I was studying for the CCNA about 3-4 years ago now, read all the stuff over a few times. But never really got to take the test. At the moment I want to do the CCNA now (been reading the material on this site, may I say its EXCELLENT!), but am finding it hard to get motivated enough to start reading those big books and some of those really long boring parts. I have a pretty good understanding of networking etc (obviously) but cant remember things like subnetting (looks sooo boring, fall asleep almost all the time) and the routing protocols. (Probably cos I haven’t used them for 3-4 years)
Has anyone out there done a CCNA bootcamp ?
Or the Cisco network academy?
The academy go’s for a year right? I really don’t think I need to study for a year though.
Saw some prices for bootcamps …. $5000.!!!! And that for 1 week!
Saw another one for 2 weeks $6,600.
Seems rather expensive!
I want to get more into Network Security. Im really interested in it.
Is the CCSP a really good pathway?
A lot of positions seem to want ppl with more experience with the more different manufacturers etc. (the good old. Need experience for the position, but you need the position for experience.)
Any suggestions here?
Re: CCNA bootcamp or academy ?
15 years 2 months ago #3189
I took the Cisco academy a couple of years ago and got a lot out of it (you do get out what you put in). If all you have already done is read about it and didn't have any actual hands on experience, I would suggest going for the academy.
While boot camps are OK, they are intense and you will tend to forget what they teach you as it is a lot of information crammed into you in such a short time. I don't know about you, but whenever I take that type of seminar, my my mind tends to shut down at about the middle to end of day 3. Boot camps would be fine for someone who already has a good grasp of the basics and needs to really supplement what they already know.
And as you say - they are not cheap.
Re: CCNA bootcamp or academy ?
15 years 2 months ago #3191
There is another alternative if you cannot afford to sit through a Cisco Bootcamp and this something I've done throughout my certifications. Because motivation is part of the problem and it's most probably because reading big text books can get quite boring, you could invest on a few cisco routers which you can pick up from ebay, creating your own small lab at home at a minimum cost.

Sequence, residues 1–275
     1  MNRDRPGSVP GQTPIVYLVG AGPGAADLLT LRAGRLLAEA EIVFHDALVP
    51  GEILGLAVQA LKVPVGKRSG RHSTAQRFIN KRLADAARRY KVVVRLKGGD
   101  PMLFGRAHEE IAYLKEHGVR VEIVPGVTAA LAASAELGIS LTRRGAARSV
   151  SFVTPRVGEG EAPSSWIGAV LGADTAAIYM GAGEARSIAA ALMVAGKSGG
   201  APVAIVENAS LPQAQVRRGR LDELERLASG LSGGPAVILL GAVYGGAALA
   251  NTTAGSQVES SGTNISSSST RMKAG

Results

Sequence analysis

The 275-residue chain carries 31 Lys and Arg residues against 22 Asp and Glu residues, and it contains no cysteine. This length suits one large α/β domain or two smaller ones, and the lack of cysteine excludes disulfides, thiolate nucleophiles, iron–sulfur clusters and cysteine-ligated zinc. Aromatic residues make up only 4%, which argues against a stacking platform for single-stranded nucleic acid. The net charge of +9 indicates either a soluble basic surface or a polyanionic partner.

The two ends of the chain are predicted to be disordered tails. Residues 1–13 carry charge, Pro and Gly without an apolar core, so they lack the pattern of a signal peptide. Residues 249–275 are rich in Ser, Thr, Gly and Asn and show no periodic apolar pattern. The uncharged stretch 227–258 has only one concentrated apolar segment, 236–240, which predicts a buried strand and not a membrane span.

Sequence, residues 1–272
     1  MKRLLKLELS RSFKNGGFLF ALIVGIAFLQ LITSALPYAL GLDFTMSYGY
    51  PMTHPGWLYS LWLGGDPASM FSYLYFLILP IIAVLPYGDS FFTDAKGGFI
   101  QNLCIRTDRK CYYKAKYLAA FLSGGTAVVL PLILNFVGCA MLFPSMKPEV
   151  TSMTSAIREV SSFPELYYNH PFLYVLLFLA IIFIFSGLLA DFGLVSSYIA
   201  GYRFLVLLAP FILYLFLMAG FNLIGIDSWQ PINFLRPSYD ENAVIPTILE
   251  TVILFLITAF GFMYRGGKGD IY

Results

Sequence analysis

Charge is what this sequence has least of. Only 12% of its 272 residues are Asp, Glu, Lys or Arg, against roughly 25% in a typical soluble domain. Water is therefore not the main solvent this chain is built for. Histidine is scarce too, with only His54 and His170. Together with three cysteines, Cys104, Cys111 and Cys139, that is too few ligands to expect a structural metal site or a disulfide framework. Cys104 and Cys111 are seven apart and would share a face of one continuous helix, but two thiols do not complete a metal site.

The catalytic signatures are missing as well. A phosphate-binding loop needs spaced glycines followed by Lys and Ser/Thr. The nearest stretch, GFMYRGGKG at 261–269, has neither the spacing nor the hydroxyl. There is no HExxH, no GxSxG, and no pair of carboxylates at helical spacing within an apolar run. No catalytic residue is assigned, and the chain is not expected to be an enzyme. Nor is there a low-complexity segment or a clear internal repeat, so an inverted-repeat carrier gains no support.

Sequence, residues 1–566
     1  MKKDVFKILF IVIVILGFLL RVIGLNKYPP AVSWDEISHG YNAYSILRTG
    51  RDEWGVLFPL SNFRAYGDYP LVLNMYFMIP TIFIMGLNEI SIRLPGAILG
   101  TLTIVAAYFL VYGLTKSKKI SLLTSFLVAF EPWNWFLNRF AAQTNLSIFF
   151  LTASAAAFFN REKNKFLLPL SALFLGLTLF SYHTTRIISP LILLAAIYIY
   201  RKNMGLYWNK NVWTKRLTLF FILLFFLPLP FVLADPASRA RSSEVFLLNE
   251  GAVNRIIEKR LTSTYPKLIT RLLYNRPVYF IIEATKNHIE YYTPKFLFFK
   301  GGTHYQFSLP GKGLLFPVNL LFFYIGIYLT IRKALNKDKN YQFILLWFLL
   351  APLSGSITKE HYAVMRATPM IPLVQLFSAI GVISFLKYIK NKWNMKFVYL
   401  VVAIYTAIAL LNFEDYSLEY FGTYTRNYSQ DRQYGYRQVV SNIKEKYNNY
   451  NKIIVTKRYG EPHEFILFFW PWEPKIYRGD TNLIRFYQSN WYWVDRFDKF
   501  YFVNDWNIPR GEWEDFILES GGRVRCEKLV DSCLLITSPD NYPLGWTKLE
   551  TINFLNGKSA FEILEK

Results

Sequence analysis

Two Cisco 1600 routers will a serial interface will set you back around 250-300 dollars which its really not that much. By yourself a serial back-to-back cable (x-over) and you have yourself a small WAN which you can play with! Then, all of a sudden those big boring books start to change to a very interesting lab exercise book that you can learn from!
Think about it for a moment and you will see that it's not a bad idea at all, and considering the bargains you can pick up from Ebay, you won't regret it ! I myself picked up a neat 2600 series router for 600 euros ( around 850 US) for which I was quoted 4000 euros here in Greece!!!
One more thing, if you're interested in a career in security then a vendor specific cert is not really such a hot idea.. the CCSP shows that you are trained to secure Cisco solutions -- thats a very useful thing to have if you design network infrastructure based on Cisco equipment or you have an admin job with Cisco infrastructure.. but for a standalone security career you need a standalone cert.
The CISSP comes to mind -- but it requires 2-3 years work ex in the security field.. after you get it though its usually easy to get a job. The GIAC certifications (
) are really really good.. I'm looking at doing one now myself.. and their top level cert the GSEC is probably the hardest cert in the world -- at present only two people in the world have completed it.. and one guy said that each part of it was harder than his entire physics doctorate.
Remember that security is a specialisation -- just like network design -- you need to have the other stuff well under your belt first.